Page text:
himself, said unto Jesus, And who is my neighbour?
30. And Jesus, answering, said, A certain man went down from Jerusalem to Jericho, and fell among thieves,
which stripped him of his raiment, and wounded him, and departed, leaving him half dead.31. And by chance
there came down a certain priest that way; and when he saw him, he passed by on the other side.32. And
likewise a Levite, when he was at the place, came and looked on him, and passed by on the other side.33. But a certain Samaritan, as he journeyed, came where he was: and when he saw him, he had compassion on him, 34. And went to him, and bound up his wounds, pouring in oil and wine, and set him on his own beast, and
brought him to an inn, and took care of him.35. And on the morrow, when he departed, he took out two pence, and gave them to the host, and said unto him, Take care of him: and whatsoever thou spendest more, when I come again, I will repay thee.36. Which now of these three, thinkest thou, was neighbour unto him that fell among the thieves! 37. And he said. He that showed mercy on him. Then said Jesus unto him, Go, and do thou likewise.' -- LUKE x.25-37.
The lawyer's first question was intended to 'tempt' Jesus, which here seems to mean, rather, 'to test'; that is, to ascertain His orthodoxy or His ability. Christ walks calmly through the snare, as if not seeing it. His answer is unimpeachably orthodox, and withal just hints in the slightest way that the question was needless, since one so learned in the law knew well enough what were the conditions of inheriting life. The lawyer knows the letter too well to be at a loss what to answer. But it is remarkable that he gives the same combination of two passages which Jesus gives in His last duel with the Pharisees (Matt. xxii; Mark xii.). Did Jesus adopt this lawyer's summary? Or is Luke's narrative condensed, omitting stages by which Jesus led the man to so wise an answer?
Our Lord's rejoinder has a marked tone of authority, which puts the lawyer in his right place. His answer is commended, as by one whose estimate has weight; and his practice is implicitly condemned, as by one who knows, and has a right to judge. 'This do' is a sharp sword-thrust. It also unites the two 'loves' as essentially one, by saying 'This'-not 'these' -- 'do.' The lawyer feels the prick, and it is his defective practice, not his question, which he seeks to 'justify.' He did not think that his love to God needed any justification. He had fully done his duty there, but about the other half he was less sure. So he tried to ride off, lawyer-like, on a question of the meaning of words. 'Who is my neighbour?' is the question answered by the lovely story of the kindly Samaritan.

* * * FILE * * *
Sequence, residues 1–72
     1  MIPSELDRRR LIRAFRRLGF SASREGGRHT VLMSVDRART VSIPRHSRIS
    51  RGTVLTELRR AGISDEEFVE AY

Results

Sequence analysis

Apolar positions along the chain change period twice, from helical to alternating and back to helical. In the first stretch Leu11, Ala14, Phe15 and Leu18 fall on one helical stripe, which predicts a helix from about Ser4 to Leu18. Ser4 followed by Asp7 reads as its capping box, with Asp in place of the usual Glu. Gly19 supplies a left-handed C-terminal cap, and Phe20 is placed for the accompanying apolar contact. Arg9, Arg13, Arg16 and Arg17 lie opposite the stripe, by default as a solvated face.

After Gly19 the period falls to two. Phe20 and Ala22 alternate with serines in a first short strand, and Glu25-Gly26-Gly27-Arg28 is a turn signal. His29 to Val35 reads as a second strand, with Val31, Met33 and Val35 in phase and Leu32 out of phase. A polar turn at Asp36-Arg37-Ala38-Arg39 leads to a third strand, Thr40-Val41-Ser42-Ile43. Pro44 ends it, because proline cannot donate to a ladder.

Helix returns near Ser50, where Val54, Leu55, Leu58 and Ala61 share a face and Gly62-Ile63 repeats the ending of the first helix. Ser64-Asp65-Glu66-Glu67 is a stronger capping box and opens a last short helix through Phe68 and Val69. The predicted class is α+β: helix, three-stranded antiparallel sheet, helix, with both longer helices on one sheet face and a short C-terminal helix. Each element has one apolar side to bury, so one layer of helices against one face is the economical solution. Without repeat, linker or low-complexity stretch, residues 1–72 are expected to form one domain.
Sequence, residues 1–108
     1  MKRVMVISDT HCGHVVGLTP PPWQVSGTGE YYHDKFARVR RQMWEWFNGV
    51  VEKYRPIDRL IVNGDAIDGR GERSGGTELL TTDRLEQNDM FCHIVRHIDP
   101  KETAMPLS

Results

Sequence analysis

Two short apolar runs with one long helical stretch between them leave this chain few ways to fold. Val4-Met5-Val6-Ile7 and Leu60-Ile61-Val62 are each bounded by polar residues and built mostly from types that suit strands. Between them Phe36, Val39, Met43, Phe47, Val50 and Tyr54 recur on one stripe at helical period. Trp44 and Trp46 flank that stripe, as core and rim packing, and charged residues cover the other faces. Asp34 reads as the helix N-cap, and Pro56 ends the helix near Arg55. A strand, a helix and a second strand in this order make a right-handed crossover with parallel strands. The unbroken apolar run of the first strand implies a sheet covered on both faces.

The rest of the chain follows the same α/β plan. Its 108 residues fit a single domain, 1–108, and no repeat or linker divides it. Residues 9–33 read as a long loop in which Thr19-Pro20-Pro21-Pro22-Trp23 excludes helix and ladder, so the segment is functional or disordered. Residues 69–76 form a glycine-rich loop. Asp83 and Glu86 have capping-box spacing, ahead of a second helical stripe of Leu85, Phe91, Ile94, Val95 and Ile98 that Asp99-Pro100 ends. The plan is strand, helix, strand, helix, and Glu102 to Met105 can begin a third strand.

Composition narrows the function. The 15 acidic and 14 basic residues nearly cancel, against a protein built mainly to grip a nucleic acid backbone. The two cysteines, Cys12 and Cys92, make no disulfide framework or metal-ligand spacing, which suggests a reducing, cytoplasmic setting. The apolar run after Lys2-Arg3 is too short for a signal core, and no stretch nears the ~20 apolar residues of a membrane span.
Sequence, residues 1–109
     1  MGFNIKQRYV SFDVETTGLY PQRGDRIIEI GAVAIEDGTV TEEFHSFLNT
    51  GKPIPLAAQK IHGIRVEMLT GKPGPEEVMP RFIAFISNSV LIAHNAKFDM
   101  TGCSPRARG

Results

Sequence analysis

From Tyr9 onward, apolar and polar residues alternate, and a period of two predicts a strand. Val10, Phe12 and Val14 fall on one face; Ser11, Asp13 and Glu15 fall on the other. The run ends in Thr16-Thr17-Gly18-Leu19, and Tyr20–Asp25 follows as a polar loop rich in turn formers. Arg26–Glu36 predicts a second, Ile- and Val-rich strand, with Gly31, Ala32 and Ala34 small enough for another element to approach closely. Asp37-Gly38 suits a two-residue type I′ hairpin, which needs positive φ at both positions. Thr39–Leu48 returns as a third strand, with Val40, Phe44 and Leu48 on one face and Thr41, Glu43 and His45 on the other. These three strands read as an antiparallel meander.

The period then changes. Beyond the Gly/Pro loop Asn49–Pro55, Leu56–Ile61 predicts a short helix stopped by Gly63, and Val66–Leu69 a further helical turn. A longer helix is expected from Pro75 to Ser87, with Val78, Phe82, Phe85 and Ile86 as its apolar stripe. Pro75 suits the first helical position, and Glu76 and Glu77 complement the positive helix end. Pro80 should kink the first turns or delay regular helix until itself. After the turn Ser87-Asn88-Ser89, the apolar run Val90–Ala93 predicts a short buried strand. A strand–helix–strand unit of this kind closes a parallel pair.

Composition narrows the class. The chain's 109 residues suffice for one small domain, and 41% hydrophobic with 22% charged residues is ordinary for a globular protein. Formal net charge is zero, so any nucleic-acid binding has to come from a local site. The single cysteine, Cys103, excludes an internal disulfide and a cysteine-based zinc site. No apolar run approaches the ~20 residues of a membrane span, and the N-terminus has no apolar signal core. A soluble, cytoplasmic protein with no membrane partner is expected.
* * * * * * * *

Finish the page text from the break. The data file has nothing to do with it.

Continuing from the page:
I. The main purpose, then, is to show how far off men may be, and yet be neighbours. The lawyer's question, 'Who is my neighbour?' is turned round the other way in Christ's form of it at the close. It is better to ask 'Whose neighbour am I?' than 'Who is my neighbour?' The lawyer meant by the word 'a person whom I am bound to love.' He wanted to know how far an obligation extended which he had no mind to recognise an inch farther than he was obliged. Probably he had in his thought the Rabbinical limitations which made it as much duty to 'hate thine enemy' as to 'love thy neighbour.' Probably, too, he accepted the national limitations, which refused to see any neighbours outside the Jewish people.
'Neighbourhood,' in his judgment, implied 'nearness,' and he wished to know how far off the boundaries of the region included in the command lay. There are a great many of us like him, who think that the obligation is a matter of geography, and that love, like force, is inversely as the square of the distance. A good deal of the so-called virtue of 'patriotism' is of this spurious sort. But Christ's way of putting the question sweeps all such limitations aside. 'Who became neighbour to' the wounded man? 'He who showed mercy on him,' said the lawyer, unwilling to name the Samaritan, and by his very reluctance giving the point to his answer which Christ wished to bring out. We are not to love because we are neighbours in any geographical sense, but we become neighbours to the man farthest from us when we love and help him. The relation has nothing to do with proximity. If we prove ourselves neighbours to any man by exercising love to him, then the relation intended by the word is as wide as humanity. We recognise that A. is our neighbour when a throb of pity shoots through our heart, and thereby we become neighbours to him.
The story is not, properly speaking, a parable, or imaginary narrative of something in the physical world intended to be translated into something in the spiritual region, but it is an illustration (by an imaginary narrative) of the actual virtue in question. Every detail is beautifully adapted to bring out the lesson that the obligation of neighbourly affection has nothing to do with nearness either of race or religion, but is as wide as humanity. The wounded man was probably a Jew, but it is significant that his nationality is not mentioned. He is 'a certain man,' that is all. The Samaritan did not ask where he was born before he helped him. So Christ teaches us that sorrow and need and sympathy and help are of no nationality.